This rate variability is odd and requires explanation. The origins and the magnitude of these rate variations were examined by German (GFZ) and New Zealand (University of Canterbury) scientists using a global data set of 282 uplifted paleoshorelines from eight subduction margins globally (Italy, Greece, New Zealand, Japan, Papua New Guinea, Iran-Pakistan, Chile) and 2D numerical models.

Paleoshorelines are a useful tool to constrain the magnitude and mechanisms of this uplift, as they are often spectacularly preserved as wave-cut platforms, benches and sea-notches, providing a geological record of the interplay between sea-level changes and rock uplift.

Data analysis and modelling suggest that varying uplift rates along subduction margins are mainly a short-term phenomenon. For geologists, short term means shorter than 20,000 years. These uplift rates cannot be accounted for by plate-boundary processes, as previously thought. Instead, they reflect a propensity for natural temporal variations in uplift rates where recent (not more than 10,000 years ago) uplift has been greatest due to temporal clustering of large-magnitude (bigger than M7) earthquakes on upper-plate faults.

Given the size and geographical extent of the analyzed dataset the conclusions of this work are likely to have wide applications.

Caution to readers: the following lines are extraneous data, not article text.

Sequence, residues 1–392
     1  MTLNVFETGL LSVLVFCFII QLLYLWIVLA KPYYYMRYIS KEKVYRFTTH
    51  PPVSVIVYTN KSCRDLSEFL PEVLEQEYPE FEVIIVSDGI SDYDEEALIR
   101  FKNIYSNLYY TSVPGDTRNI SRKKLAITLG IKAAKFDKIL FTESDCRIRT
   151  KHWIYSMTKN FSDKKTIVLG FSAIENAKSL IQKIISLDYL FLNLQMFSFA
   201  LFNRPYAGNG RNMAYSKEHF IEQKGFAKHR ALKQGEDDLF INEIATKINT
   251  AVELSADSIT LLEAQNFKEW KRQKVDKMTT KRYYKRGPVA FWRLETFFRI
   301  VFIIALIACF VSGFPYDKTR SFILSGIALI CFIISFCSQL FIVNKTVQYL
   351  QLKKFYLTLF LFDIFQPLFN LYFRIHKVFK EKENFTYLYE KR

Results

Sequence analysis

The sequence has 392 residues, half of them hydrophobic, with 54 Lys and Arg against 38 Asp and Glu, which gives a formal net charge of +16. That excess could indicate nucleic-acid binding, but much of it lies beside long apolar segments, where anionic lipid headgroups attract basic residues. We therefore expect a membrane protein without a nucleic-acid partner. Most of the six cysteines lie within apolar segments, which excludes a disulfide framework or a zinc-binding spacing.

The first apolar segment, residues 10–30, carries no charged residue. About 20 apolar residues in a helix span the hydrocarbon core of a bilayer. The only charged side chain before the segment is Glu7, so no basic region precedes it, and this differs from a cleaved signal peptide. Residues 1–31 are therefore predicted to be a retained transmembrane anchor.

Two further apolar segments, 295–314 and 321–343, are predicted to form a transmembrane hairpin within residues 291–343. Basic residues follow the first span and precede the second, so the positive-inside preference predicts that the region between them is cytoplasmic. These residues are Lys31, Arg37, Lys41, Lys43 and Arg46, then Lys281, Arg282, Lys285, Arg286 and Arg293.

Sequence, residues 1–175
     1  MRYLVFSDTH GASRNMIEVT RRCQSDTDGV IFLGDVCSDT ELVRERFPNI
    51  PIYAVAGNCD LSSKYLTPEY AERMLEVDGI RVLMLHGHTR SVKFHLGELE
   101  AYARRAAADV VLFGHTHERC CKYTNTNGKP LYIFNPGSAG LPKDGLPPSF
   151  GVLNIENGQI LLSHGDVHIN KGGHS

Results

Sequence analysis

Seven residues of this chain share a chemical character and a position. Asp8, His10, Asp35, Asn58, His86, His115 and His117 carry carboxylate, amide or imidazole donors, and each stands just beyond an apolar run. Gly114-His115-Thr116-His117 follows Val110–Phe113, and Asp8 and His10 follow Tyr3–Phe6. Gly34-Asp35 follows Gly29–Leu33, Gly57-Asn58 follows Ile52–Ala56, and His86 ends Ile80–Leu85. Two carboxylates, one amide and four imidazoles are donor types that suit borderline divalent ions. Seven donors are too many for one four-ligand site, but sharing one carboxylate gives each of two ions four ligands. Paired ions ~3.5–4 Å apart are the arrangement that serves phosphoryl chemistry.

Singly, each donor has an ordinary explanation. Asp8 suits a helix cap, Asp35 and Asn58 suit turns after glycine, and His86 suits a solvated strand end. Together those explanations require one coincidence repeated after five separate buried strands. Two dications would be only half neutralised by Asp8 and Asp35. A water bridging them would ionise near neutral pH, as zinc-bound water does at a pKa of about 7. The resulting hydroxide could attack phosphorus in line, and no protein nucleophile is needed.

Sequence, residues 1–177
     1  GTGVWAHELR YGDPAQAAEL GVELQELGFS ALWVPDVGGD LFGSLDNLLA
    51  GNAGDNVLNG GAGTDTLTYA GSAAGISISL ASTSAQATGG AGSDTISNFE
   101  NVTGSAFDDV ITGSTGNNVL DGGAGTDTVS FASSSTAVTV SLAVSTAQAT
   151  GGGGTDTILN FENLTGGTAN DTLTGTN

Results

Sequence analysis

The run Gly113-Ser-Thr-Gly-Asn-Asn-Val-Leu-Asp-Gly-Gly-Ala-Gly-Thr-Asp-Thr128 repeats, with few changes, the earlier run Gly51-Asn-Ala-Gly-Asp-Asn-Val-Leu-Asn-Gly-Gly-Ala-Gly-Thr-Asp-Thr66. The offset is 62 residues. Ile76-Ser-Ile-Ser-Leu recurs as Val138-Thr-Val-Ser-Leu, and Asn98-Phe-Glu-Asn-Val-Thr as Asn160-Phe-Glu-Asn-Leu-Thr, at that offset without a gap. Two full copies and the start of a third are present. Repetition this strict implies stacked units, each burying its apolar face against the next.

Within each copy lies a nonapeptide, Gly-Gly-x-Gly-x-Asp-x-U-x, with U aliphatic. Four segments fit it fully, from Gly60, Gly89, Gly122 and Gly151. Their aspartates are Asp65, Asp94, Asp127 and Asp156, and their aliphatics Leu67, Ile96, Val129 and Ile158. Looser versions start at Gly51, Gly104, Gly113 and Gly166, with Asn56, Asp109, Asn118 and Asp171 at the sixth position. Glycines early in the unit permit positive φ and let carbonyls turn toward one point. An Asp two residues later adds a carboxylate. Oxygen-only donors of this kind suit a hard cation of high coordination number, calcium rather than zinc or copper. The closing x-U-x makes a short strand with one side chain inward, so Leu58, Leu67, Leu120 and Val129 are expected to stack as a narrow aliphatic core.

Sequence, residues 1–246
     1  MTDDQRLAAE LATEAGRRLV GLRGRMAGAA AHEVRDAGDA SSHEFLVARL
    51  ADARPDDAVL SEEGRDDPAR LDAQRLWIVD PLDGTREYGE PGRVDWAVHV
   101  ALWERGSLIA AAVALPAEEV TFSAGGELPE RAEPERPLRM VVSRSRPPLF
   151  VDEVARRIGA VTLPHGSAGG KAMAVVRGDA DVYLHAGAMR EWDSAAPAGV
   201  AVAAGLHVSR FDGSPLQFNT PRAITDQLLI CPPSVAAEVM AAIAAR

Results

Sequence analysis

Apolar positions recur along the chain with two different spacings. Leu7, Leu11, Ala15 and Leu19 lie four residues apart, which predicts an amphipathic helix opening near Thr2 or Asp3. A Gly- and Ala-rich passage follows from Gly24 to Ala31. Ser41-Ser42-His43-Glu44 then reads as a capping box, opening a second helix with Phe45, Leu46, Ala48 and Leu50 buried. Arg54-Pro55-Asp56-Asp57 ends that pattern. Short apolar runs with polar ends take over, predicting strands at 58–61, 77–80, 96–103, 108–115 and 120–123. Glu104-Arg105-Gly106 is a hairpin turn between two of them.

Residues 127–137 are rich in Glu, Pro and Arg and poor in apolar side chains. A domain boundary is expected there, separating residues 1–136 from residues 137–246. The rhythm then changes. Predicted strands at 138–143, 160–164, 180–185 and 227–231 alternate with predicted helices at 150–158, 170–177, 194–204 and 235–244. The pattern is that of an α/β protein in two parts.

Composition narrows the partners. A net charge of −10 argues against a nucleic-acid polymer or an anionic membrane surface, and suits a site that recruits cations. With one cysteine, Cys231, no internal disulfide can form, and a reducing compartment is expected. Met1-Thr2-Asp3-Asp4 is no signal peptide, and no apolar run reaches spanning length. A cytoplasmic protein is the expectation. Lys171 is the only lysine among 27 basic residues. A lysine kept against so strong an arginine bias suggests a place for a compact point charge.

Asked what's new with these findings Vasiliki Mouslopoulou explains: "For the first time temporal clustering of great-earthquakes is shown on active subduction margins, indicating an intense period of strain release due to successive earthquakes, followed by long periods of seismic quiescence." This finding has applications to the seismic hazard of these regions, as it highlights the potential for future damaging earthquakes and tsunamis at active subduction margins with no measurable recent uplift. In such cases, paleoshorelines older than 10,000 years could provide an important constraint for hazard analysis. In other words: To assess the likelihood of future great quakes it will help to look at paleoshorelines.